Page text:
GREENSBORO, NC – The City of Greensboro council adopted an official resolution opposing house bill 2, also known as the bathroom bill, during Tuesday night’s meeting.
Council members approved a resolution opposing HB2 because it “removes local control over matters governing the welfare of residents.”
In short- the resolution is an official statement to the state government- saying it does not support HB2.
it doesn't actually change anything locally because state law still trumps Greensboro's stance.
The resolution states “The City of Greensboro is a community dedicated to the principles of equality, nondiscrimination and full inclusion and engagement by any resident in the civil rights , benefits and privelgedes of all resident.”
The city council passed an anti-discrimination ordinance in 2015. Although Governor McCrory and his staff adamantly said this law does not affect city policies, there is conflict between the law and city policy.
During the meeting, the council reaffirmed its support for “protecting and advancing rights and equitable treatment of all residents.”
Well before the resolution could ever been considered, Councilman Tony Wilkins and Mayor Nancy Vaughan were at odds over the resolution being on the agenda in the first place. Wilkins questioned why the anti-HB2 resolution was on the agenda without going through the committee first. Wilkins said it is unethical for the mayor to place an item on the agenda without consent of committee agenda.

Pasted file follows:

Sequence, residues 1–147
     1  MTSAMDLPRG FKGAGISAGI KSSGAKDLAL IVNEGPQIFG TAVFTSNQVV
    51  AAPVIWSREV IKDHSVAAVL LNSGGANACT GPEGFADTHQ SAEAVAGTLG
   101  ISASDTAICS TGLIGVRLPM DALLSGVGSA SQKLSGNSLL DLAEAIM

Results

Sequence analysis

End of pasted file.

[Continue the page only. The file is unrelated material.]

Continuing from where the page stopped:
In all, 15 speakers from both sides of the argument commented on the resolution being considered.
Drew Wofford, owner of Chemistry nightclub, a LGBTQ bar in Greensboro said, “A transgender person is not a man going into a female’s locker room. It’s a person born with the wrong sex. This bill is hurting my business and it’s hurting business in North Carolina.”
Tia Smith, a trans woman said, “If they are coming for us, how much longer before they start coming for other minority groups, like women or people of color."
Some audience members held pamphlets reading “all of us or none of us” and “shut down HB2”
Representative Pricey Harrison, who has been outspoken against the bill, sat in the audience during the meeting.
Representative John Blust, who voted for the bill, said "Charlotte has no right to do what they did. "
Many audience members erupted in anger when Blust added, "I have a daughter. My daughter should not have to change in a locker room with someone of the male anatomy."
At least two other male members of the audience agreed with Blust, and said they too, had daughters and did not want them to be sexually assaulted.
Blust admitted the bill was rushed, having been reviewed and singed into law in one day, and said he hoped they had more time to go more in depth to the bill.
Council member, Sharon Hightower called the bill the worst discrimination policy in the country and condemned the law for it's minimum wage policy.
Mayor Nancy Vaughan said, "To bring in wages and to bring in housing and to bring in employment was an overreach on this bill. These were things this council voted on unanimously. We wanted anti-discrimination policies for all."
The resolution passed by a vote of 8-1. Wilkins was the only council member to vote against the resolution.